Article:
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I was lucky. They only took my handbag. Sure, they had to floor me first, because I dared to clutch my possessions.
“Was it at night?” is the question too many people have asked me. More than: “Were you hurt?” More than: “Were you scared?” Despite my resistance, I feel compelled to specify that it was dusk. It was 7 PM, on the August Bank Holiday weekend. Like that’s the point. Like this would legitimize my story, a privilege not granted after dark.
I was 31, a marketing executive, and walking home after visiting a friend. How disturbingly familiar this now sounds.
That evening, walking down an eerily quiet Hatton Garden, I remember feeling a sudden chill in the balmy evening as two men walked towards me. Then, a thud, and my face on the pavement. In that precise moment, I recalled those wildlife documentaries. Here goes a gazelle, I thought, meeting its fate in the savannah. My usual confidence, my sense of trust in the world were nowhere to be found. I was prey to the pack of predators that went for me.
They took the phone I was holding, preparing to make that fake call; they took my handbag. I was still gripping my house keys. What else could they take, I asked myself with numb curiosity, in a sort of out-of-body experience, as the events unfolded. They could beat me, or worse, and I would not find it in me to object. It was over in an instant that haunted me for years to come. instants that lasted a lifetime. They ran off with the loot, and with a lot more.
I got up, body throbbing. I need to get home, I told myself. I was not far, but the longer I walked, the longer the road seemed to stretch before me. I will never get home. This will be me, I thought, limping along, and never getting anywhere.
The insurance company tried to calculate the cost of the damage. An interesting exercise and one I have returned to in the 16 years that followed.
Back then, I listed the contents of my handbag. A Filofax brimming with ideas I could not fully recreate and addresses I could not retrieve. A jumper, the first gift from my boyfriend. My vintage sunglasses. A rare CD I had searched for in a niche store, on that day off. My lipstick, my perfume, a gold bangle I had decided against wearing. You don’t think to leave these things at home in the event of a mugging. Or at least, I did not back then.
My wallet also held a photo of my beloved, and recently deceased grandfather, one I was never able to replace. But of course, the muggers weren’t to know this. They weren’t to know that I was grieving and dealing with other enormous losses on the day we crossed paths. They weren’t to know that in taking my bag they also took the last few scraps of resilience I had in me in the midst of my crisis. How could they possibly have known? I was a woman walking home alone and I was game.
I feel guilty writing my story in the aftermath of another femicide. I made it home. Many don’t.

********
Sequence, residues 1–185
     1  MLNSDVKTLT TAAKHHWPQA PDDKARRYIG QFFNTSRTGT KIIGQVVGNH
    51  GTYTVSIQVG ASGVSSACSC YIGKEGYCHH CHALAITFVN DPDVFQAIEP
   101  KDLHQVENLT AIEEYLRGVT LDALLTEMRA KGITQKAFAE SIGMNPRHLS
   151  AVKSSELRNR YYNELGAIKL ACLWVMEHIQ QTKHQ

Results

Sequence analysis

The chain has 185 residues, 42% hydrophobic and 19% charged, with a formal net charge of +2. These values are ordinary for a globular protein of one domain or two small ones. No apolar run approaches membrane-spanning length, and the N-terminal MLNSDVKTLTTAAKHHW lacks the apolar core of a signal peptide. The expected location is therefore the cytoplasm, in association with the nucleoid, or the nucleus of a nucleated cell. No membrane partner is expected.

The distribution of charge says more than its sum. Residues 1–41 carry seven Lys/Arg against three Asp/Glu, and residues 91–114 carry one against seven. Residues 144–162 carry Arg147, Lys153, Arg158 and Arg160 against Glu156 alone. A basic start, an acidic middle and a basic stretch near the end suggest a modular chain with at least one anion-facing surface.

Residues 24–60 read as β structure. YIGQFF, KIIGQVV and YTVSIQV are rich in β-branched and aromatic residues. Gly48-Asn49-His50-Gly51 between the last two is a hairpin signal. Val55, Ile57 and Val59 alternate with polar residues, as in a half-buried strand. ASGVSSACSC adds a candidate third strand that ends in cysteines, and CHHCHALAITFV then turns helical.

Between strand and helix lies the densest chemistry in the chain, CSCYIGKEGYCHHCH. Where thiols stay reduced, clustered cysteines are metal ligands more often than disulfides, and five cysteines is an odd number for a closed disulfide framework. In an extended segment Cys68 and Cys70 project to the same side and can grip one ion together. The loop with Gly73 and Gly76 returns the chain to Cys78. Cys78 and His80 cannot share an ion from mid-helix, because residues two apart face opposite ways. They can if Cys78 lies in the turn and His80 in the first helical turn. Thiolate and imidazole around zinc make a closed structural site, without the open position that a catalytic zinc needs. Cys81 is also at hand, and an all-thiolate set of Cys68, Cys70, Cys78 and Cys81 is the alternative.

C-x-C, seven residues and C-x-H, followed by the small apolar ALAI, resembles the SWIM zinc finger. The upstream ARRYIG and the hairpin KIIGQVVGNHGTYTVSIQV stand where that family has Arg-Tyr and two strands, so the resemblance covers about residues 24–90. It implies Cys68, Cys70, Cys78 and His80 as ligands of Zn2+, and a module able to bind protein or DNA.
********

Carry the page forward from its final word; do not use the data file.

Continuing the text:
Still, what was the cost of that evening beside the contents of my handbag? I try to write a list. I start with a hefty bill. The taxis home. In the weeks that followed, I relied solely on cabs to get me home at the first hint of darkness. It became a hard habit to break despite its cost. To this day each fare feels like some sort of victim’s tax, onerous and unjust.
At the end of an evening, or even after a long day at work, I am often confronted with the choice between a financial or an emotional levy. Will I choose to save money, and walk briskly home, on edge, keys in hand? Best not. It’s been a lovely evening, why spoil it? Other times I will “chance it”, possessing the audacity to think it is my right to walk alone; my breath will be ever so strained, my shoulders ever so tense, until I make it through the door.
Amongst many well-meaning tips I was given, there was the suggestion to look at men in the eye when passing them. Apparently, the increased likelihood of getting identified can deter potential attackers. That is, if what they want is only a handbag.
For a while I tried it. In the anonymity of the urban jungle, I looked at men in the eye as I walked. I wonder what they saw. I wonder if they saw the fear, or the rage, or both. Or neither.
And then the other costs. There was the insomnia, the nightmares, the anxiety. The sense of injustice, of powerlessness. The walking home that never, ever felt entirely safe. The fact that the street where I lived was now also the street where I could have died.
Two weeks after I was attacked, I walked past two guys in the bustle of my neighbourhood market. My body jolted with what I think was recognition. They both looked back at me with the same sense of familiarity. The adrenaline, the heart pounding, the cold hands, the reaching for my house keys. Their look of defiant impunity, that seemed to say: “And what are you going to do about it?” Or maybe I was paranoid. Because that’s another cost to add to the long list.
The event prompted me to seek therapy, at my expense, of course. Still, it proved invaluable on all the issues I was grappling with. The CICA (Criminal Injury Compensation Authority) issued a cheque that, although it did not begin to replenish my taxi budget, went a long way to restoring some sense of justice. I found another copy of that rare CD, whilst on a business trip on the other side of the world, and felt that for once a benign god was smiling down on me.
More importantly, I have lived to tell. I was lucky.